VR for cognitive training​​ helping Elders to fight old age impairment issues

VR for cognitive training​​

Elderly people are becoming older quickly, and this includes people whose everyday duties are made more difficult by cognitive impairment. 


The autonomy of these old people and their carers would significantly benefit from developing therapies that delay cognitive decline. Virtual reality (VR) is an immersive, interactive, and real-time simulation human-computer interface that has the potential to help with cognitive function. 


This literature review covers the elements of immersive VR, including its prospects and limits, that are of specific relevance for boosting cognition in old.

Aspects in which VR contributes:-​

First, the tremendous degree of flexibility offered by VR enables safe, individualized training for isolated activities and potentially dangerous situations. Second, VR’s dynamic and real-time performance feedback offers carers a labor-intensive tool in elderly care.

Third, the collection of high-resolution data makes it possible to detect minute alterations over time, which is important for determining the type and severity of cognitive alterations in the elderly, particularly those suffering from dementia. Fourth, virtual reality immersion has been linked to cybersickness.

Finally, since VR is immersive, it allows users to perceive and express their emotions as well as their motor and sensory activities. Older subjects are observed to be less likely to learn emotionally and to rely more heavily on multisensory integration. Moreover, they experience high levels of flow, motivation, and presence in VR setups. The studies that are currently available are limited in size and have yet to be reproduced, despite the apparent potential of immersive VR.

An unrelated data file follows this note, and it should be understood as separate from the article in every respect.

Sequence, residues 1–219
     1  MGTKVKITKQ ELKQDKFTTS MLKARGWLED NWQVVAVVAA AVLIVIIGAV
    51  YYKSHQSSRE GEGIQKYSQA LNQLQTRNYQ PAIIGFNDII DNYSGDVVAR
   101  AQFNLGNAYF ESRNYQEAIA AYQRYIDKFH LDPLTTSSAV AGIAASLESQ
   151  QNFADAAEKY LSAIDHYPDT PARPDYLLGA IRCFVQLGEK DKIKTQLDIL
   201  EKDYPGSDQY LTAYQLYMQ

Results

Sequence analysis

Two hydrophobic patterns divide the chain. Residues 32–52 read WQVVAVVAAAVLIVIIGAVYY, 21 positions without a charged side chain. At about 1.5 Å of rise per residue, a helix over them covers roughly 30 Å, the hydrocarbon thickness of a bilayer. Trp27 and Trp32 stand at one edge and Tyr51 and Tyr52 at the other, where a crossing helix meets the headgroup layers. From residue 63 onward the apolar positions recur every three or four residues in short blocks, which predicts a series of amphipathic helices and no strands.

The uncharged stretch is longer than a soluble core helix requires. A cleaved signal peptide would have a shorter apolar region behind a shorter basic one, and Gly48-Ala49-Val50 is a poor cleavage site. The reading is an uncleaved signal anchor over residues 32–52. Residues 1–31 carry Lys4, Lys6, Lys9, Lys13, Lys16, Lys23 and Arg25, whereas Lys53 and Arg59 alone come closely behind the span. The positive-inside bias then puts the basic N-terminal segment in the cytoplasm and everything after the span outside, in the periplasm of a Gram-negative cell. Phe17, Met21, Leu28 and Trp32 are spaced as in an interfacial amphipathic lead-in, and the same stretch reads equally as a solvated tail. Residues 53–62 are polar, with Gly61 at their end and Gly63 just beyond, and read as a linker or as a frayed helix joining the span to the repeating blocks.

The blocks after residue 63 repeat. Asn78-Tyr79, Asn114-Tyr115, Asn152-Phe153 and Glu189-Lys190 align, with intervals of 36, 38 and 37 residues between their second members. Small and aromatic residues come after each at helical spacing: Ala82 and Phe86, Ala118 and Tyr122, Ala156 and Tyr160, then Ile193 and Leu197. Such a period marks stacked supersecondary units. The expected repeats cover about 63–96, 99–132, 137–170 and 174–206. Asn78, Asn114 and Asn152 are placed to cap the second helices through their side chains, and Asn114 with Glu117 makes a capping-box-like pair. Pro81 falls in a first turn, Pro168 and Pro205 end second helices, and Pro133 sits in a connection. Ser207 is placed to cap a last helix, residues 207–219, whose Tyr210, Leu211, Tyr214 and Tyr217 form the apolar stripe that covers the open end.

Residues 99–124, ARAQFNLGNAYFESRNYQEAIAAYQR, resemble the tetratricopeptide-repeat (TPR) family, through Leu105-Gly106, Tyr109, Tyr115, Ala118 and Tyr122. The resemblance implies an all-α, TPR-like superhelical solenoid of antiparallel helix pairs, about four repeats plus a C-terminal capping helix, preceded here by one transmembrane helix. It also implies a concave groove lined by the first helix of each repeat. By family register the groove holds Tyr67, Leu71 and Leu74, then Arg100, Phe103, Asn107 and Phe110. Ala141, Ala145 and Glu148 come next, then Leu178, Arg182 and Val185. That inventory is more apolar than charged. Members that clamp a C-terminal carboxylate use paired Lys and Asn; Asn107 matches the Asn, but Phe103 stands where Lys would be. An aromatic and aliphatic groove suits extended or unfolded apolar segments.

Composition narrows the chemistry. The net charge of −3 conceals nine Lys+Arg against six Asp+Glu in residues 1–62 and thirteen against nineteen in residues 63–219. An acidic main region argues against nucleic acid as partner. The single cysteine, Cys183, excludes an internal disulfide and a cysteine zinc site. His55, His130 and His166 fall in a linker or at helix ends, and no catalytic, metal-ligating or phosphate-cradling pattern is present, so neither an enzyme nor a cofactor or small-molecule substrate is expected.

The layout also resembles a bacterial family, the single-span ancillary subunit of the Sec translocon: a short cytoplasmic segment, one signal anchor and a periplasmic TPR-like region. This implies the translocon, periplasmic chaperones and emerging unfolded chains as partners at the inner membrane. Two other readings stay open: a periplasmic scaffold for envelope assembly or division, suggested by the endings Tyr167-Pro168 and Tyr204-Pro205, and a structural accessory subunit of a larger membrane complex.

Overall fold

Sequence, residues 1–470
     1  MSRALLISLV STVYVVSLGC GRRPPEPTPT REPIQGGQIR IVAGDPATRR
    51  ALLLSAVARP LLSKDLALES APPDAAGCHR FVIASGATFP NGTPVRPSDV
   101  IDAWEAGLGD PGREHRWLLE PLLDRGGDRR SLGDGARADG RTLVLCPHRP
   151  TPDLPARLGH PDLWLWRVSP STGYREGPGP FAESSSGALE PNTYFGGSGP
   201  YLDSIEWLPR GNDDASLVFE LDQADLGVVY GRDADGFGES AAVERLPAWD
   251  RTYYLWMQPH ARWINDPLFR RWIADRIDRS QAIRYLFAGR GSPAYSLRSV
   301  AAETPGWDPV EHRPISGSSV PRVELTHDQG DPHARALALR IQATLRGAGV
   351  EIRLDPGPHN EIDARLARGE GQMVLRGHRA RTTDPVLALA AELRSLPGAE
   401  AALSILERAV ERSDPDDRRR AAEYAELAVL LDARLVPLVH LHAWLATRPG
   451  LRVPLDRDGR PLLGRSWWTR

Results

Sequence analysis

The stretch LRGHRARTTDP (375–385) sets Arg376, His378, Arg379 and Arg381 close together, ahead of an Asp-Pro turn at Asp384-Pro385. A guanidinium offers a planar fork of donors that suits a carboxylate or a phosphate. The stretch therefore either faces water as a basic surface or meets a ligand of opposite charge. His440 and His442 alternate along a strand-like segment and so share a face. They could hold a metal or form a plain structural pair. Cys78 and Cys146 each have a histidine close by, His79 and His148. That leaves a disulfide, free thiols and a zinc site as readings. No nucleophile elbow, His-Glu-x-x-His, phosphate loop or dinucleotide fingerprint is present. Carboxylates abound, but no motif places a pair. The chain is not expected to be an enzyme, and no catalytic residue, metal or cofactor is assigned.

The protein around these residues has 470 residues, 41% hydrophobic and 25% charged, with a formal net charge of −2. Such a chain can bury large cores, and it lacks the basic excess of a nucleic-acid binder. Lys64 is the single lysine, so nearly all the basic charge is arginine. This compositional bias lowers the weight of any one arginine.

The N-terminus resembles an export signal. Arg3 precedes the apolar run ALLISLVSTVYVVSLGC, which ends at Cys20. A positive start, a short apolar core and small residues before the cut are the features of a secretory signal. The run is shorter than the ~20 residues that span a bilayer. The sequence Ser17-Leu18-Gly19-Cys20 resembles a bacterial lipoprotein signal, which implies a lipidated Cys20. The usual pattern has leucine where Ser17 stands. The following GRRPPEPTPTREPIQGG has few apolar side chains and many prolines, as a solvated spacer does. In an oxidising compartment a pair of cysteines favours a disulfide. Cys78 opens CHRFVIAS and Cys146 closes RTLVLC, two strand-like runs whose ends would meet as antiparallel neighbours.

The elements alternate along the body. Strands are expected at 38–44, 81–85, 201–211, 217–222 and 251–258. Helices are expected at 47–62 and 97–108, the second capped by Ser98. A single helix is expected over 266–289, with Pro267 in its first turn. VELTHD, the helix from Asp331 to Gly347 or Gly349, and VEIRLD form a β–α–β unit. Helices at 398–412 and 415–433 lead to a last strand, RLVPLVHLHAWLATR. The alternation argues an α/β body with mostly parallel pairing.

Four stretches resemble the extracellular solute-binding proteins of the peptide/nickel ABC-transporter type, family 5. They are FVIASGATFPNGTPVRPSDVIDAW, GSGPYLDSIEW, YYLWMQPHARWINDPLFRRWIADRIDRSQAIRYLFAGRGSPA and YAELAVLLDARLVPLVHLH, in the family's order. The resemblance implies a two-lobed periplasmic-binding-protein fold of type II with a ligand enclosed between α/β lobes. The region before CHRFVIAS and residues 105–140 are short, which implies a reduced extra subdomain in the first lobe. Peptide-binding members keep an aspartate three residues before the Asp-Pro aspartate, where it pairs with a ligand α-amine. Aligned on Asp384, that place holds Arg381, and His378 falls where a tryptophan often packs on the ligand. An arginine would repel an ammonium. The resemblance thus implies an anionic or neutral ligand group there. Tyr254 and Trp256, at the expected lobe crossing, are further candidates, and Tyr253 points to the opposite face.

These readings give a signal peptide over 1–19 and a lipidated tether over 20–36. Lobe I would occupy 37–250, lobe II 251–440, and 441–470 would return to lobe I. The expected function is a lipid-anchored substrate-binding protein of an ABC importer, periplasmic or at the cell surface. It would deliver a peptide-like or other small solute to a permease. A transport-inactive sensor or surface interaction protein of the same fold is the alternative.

Another obstacle to implementation is the elderly’s and healthcare workers’ lack of digital literacy. Hence, VR may be a particularly effective tool for training cognition in elderly individuals, even though replication of outcomes and standardization of VR interventions are needed before it can be employed in standard care.

VR is a way to escape the real world into something more fantastic. It has the potential to be the most social technology of all time

Why VR becomes more Important in issues related to the mind? ​

old woman using virtual reality

While many Europeans are still healthy as they age, an increasing number of them are also suffering from age-related disorders, as well as cognitive and physical decline and physical decline. 


Dementia is, in fact, the second most common reason for disability in people over 70. Dementia affects a broad range of cognitive skills, including long-term memory, executive functioning, and spatial orientation. The performance of activities of daily living (ADLs) is negatively impacted by the impairment of these capabilities. 


Lower quality of life has been linked to the subsequent decline in autonomy. The cognitive deterioration that older people undergo has not yet been completely stopped by any intervention.


Nonetheless, it has been demonstrated that cognitive training can slightly enhance overall cognition in healthy aged as well as dementia patients. Furthermore, both healthy [16–19] and cognitively impaired elderly people have responded favorably to physical therapies like weight training, either by themselves or in conjunction with cognitive ones. However, gains are sometimes modest and not all studies uncover a beneficial effect.